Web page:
Dear brothers and sisters in Christ,
In many ways and on many levels this has been a very difficult Lent. While I have found it tough to travel my personal journey, it still has been very spiritually rewarding.
Interestingly enough, the burdens of this Lent did not come from within or from any particular Lenten practice, but rather from the many external forces which have deeply affected me — the Cross seems to be clearly evident. I suppose that this has been true for many of us during this Lent of 2012.
Violence seems to be everywhere: the Middle East sees death and destruction in country after country; Christians in Iraq and Iran are persecuted; Catholic churches are bombed in Nigeria almost on a weekly basis; and among our young in Europe and even in our own country, shootings are becoming more and more prevalent.
The world’s economic problems continue to force many to struggle with unemployment, hunger, homelessness and poverty, and the immediate outlook for improvement is quite limited.
The issue of the sexual abuse of children, still a problem within our own Church has proven to be a massive societal evil in all parts of the world and among every socio-economic group.
The quest for personal freedom is a struggle for peoples through the world and in our own country, we see the attempts to limit freedom of religion both on institutional and personal levels. The very issue that brought countless numbers of our ancestors to these shores is now in jeopardy.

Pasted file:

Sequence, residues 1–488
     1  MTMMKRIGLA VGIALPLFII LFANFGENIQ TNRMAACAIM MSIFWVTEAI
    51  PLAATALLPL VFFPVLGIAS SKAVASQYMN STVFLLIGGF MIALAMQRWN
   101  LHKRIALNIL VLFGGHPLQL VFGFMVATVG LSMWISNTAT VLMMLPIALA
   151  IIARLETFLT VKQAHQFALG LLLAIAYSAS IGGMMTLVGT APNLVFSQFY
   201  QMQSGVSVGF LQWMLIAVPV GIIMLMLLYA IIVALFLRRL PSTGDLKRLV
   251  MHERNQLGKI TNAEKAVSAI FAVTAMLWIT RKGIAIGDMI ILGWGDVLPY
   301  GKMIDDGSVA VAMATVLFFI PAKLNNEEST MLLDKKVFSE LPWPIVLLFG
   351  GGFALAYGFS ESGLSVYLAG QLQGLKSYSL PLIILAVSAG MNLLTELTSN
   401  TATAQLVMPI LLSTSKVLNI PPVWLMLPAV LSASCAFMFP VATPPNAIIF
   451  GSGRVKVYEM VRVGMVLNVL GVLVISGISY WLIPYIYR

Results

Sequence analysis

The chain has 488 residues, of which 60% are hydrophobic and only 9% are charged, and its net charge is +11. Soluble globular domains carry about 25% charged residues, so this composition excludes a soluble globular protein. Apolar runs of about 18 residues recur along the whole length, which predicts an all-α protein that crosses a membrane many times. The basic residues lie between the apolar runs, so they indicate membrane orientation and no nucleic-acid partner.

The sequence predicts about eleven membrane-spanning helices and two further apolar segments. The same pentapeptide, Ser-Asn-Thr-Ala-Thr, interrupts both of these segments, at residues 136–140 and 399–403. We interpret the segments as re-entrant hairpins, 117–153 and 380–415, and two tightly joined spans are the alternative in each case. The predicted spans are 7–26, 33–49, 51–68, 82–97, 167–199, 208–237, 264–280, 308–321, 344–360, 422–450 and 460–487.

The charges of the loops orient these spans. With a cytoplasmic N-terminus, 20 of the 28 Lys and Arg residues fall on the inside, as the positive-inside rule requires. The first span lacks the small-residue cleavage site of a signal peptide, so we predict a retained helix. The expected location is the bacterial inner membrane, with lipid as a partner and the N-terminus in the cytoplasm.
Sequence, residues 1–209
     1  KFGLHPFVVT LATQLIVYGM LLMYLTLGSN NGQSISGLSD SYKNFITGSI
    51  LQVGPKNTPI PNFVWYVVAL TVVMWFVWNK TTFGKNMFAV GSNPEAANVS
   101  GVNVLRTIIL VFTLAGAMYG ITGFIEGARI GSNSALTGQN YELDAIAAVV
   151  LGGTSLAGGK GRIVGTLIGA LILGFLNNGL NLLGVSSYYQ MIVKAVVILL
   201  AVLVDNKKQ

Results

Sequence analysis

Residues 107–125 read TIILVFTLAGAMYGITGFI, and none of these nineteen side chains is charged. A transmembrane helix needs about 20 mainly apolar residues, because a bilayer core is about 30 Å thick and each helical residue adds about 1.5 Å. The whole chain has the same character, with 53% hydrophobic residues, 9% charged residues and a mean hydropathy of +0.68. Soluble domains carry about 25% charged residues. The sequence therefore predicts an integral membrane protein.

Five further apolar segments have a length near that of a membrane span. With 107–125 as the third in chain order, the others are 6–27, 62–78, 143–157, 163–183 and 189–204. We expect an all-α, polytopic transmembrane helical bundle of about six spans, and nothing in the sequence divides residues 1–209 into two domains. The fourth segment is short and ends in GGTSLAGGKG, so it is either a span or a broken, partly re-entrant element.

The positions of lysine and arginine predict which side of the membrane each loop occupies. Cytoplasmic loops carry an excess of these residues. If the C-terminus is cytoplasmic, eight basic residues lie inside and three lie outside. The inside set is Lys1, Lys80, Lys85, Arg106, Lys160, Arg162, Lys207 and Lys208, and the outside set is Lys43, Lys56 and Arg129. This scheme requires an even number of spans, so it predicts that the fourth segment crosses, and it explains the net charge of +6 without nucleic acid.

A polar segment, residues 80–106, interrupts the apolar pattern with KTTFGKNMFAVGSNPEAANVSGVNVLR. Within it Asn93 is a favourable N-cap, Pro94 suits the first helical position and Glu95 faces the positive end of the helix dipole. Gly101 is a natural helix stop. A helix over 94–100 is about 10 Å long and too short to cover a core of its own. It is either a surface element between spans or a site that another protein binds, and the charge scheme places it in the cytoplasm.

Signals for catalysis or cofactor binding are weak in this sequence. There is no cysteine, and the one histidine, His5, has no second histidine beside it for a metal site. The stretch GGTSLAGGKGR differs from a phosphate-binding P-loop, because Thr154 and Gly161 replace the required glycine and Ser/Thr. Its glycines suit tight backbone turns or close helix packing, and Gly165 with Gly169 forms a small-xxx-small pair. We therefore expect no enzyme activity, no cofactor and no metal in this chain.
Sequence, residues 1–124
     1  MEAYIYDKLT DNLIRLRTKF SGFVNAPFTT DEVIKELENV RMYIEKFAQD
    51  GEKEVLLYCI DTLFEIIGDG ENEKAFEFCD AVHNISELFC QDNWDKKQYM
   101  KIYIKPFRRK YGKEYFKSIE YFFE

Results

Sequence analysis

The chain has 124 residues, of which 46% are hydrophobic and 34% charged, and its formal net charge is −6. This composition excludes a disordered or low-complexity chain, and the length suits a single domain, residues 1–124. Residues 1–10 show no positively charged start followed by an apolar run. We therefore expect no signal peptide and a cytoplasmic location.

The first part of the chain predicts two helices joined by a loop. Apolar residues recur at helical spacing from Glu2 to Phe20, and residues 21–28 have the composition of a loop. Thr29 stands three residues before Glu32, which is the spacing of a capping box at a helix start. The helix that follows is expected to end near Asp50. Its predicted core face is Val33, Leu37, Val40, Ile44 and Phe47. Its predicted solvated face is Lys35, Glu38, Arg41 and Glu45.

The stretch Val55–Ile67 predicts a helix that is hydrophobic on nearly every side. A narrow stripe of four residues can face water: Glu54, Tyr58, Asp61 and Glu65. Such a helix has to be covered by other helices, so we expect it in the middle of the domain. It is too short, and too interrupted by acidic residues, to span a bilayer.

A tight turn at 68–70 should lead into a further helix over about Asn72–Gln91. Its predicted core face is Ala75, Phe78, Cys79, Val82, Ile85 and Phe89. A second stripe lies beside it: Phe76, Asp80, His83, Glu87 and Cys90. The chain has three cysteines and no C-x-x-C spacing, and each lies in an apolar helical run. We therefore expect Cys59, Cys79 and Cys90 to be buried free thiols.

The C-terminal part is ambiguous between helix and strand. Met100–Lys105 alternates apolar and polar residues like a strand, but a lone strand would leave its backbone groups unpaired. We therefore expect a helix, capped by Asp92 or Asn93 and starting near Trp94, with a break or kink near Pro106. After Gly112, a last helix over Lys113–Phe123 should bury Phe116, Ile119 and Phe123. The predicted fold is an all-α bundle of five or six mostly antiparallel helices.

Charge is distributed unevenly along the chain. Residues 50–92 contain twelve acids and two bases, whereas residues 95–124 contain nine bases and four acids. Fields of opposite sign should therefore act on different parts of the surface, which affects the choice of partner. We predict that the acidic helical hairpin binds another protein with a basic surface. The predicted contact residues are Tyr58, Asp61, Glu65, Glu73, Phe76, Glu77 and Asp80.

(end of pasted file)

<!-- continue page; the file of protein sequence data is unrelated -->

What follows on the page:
Yes, during this Lent, the Cross has loomed very large on the horizon of our lives.
However, Lent does come to an end … the darkness of the season leads into the Light of the Resurrection and it is this hope that keeps us strong and positive amidst the difficulties we face day after day. There is always a new day that follows a dreary night if we are willing to deal effectively with the darkness.
Jesus tells us that we must embrace the Cross and through our willingness to “take up the Cross and follow Him,” we can pass from death to life, from despair to hope, from darkness to light.
I have come to a deeper awareness of the value and necessity to respect the dignity of every human person; this violent world has led me to reach out more carefully to those who face many demons in their lives.
The persecution of Christians has made me more thankful for my faith and certainly more committed than ever. The weak economy has caused many families to do things together and communities to face struggles in a united way, thus effecting stronger bonds of friendship and love.
The sexual abuse crisis has made us all much more aware of the need to be observant and diligent in the protection of children and the current challenge of religious freedom will unite people of faith in a deeper appreciation of the many freedoms we enjoy in this great country in which we live.
We do embrace the Cross, and in so doing we come ever nearer to enjoying the triumph of the Resurrection.
May you have a blessed Easter and may this holy season bring peace and comfort to us all.
+Robert E. Guglielmone
Bishop of Charleston